Articles Posted in Events

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Barbara and I are ready to attend the Rock Your Disney Side 24 hour event at Disneyland Park this Friday.  For the third year in a row, Disneyland will be open for 24 hours from 6 am Friday to 6 am on Saturday morning.  This year’s hashtag is #RockYourDisneySide and the event has a Heroes and Villains theme.  Looking forward to an exhausting but fun day.

We are now a month and a half after Barbara’s last chemotherapy treatment and while we still need to be careful with her out in crowds and sun, we hope this event marks the beginning of a return to normalcy for our lives.  She’s not officially marked as being “in remission” yet, but her counts have been stable for the last few months and she is no longer on the chemotherapy, so we are confident and hopeful that she will be declared in remission soon.  What better way to celebrate than a return to “The Happiest Place on Earth”

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As many of you know my wife Barbara has Lupus and in October she experienced a flare up of her lupus that put her into the hospital.  Before this flare up occurred however, I was already planning on doing a 5K charity walk called the Walk to End Lupus Now.  After the flare up occurred it became even more important to me to participate in the walk and raise money to help fund Lupus research and awareness.  Me and my boss Tim walked the 5K and I’m proud to say the two of us raised $1600 for the Lupus Foundation.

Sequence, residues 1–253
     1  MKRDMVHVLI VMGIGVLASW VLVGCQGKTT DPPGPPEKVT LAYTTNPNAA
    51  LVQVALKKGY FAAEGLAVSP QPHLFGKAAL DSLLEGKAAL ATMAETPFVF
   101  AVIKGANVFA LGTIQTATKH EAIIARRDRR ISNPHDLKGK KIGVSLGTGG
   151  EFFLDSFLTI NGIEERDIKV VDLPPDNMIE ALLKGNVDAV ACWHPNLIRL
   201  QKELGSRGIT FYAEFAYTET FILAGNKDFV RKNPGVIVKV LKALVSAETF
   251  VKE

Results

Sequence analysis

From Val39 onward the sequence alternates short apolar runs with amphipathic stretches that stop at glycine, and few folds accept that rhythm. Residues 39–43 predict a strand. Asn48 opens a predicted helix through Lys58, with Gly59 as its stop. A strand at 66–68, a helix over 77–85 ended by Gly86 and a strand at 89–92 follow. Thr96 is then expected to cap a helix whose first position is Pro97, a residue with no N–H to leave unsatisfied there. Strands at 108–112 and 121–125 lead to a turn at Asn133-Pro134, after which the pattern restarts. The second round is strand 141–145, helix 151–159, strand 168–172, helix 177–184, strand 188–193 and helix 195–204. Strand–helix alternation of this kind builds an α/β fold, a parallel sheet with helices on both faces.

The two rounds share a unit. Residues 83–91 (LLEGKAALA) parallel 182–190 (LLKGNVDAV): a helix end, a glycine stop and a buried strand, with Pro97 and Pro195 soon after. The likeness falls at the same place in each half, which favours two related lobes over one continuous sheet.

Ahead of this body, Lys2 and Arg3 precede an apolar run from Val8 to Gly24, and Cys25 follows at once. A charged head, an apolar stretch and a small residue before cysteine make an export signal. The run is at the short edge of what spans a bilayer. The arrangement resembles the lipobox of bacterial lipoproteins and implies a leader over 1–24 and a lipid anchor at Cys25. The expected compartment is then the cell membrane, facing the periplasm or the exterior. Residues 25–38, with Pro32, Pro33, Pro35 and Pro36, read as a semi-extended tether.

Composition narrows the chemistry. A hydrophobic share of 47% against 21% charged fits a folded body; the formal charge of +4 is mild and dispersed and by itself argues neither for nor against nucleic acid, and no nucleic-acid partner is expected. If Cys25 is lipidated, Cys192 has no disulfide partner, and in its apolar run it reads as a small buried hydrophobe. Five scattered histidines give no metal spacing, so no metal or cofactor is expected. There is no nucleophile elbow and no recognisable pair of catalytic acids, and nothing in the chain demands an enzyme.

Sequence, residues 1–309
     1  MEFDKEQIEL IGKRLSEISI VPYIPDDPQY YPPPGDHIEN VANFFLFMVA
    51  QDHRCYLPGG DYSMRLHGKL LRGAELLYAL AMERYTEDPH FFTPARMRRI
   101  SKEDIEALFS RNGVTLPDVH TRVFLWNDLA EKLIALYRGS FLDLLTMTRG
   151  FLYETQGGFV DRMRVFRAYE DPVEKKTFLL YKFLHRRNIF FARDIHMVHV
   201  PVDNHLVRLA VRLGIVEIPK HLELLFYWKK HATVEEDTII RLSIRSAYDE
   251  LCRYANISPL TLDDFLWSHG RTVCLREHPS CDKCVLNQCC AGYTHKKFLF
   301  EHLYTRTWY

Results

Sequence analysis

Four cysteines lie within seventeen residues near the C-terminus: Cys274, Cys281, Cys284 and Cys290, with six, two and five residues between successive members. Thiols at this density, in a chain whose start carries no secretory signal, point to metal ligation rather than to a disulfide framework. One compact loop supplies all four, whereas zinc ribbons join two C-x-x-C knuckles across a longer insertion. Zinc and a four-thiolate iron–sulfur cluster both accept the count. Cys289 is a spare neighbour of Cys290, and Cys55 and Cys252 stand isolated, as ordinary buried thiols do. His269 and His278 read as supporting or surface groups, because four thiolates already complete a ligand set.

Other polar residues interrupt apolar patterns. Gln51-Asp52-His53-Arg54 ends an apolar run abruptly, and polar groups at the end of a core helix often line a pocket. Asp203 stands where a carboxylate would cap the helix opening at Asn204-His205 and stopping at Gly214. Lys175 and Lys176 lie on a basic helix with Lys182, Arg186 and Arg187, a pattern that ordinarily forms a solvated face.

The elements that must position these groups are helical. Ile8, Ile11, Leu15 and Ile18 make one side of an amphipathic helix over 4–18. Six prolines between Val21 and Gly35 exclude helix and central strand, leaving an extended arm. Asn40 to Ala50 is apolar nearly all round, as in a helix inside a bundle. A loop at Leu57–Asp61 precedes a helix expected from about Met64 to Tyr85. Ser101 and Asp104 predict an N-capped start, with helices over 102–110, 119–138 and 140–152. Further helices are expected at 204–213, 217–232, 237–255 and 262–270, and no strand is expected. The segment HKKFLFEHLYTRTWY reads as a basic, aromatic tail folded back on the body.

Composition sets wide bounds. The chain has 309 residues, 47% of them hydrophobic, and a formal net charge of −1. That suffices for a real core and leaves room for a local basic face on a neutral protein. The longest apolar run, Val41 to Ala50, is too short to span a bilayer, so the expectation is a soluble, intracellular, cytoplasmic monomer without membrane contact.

This coming October I will be participating in the walk again.  If you would like to sponsor me in my walk, you can do so at my donor page for the event here.  If you want to help even more though, I encourage you to get out there and walk with me.  You can Join Team Moline and  walk with me at the 2014 San Francisco Walk to End Lupus Now on Sunday October 26, 2014 in Golden Gate Park in San Francisco.  If you aren’t in the bay area but want to walk to raise awareness and money for Lupus Research, the Lupus Foundation hosts walks around the country throughout the year.

Just last week Barbara had what is expected to be her last (6th) Chemotherapy treatment of this particular flare up and the doctor is optimistic that this particular flare up is under control.  This is a tremendous blessing to hear as her previous flare up when she was 12 required 15 Chemotherapy treatments over the course of 3 years.  The doctor is also slowly stepping down Barbara’s dosage of Prednisone (steroids).  She is now taking just 1 20 milligram pill per day.  At the height of the flare up she was taking 60 milligrams per day.

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It is hard to believe that it was just 1 year and 1 week ago, Google uploaded to its YouTube channel, a teaser video for a project they had been working out of from their top-secret “moonshot” [x] Labs called Project Glass.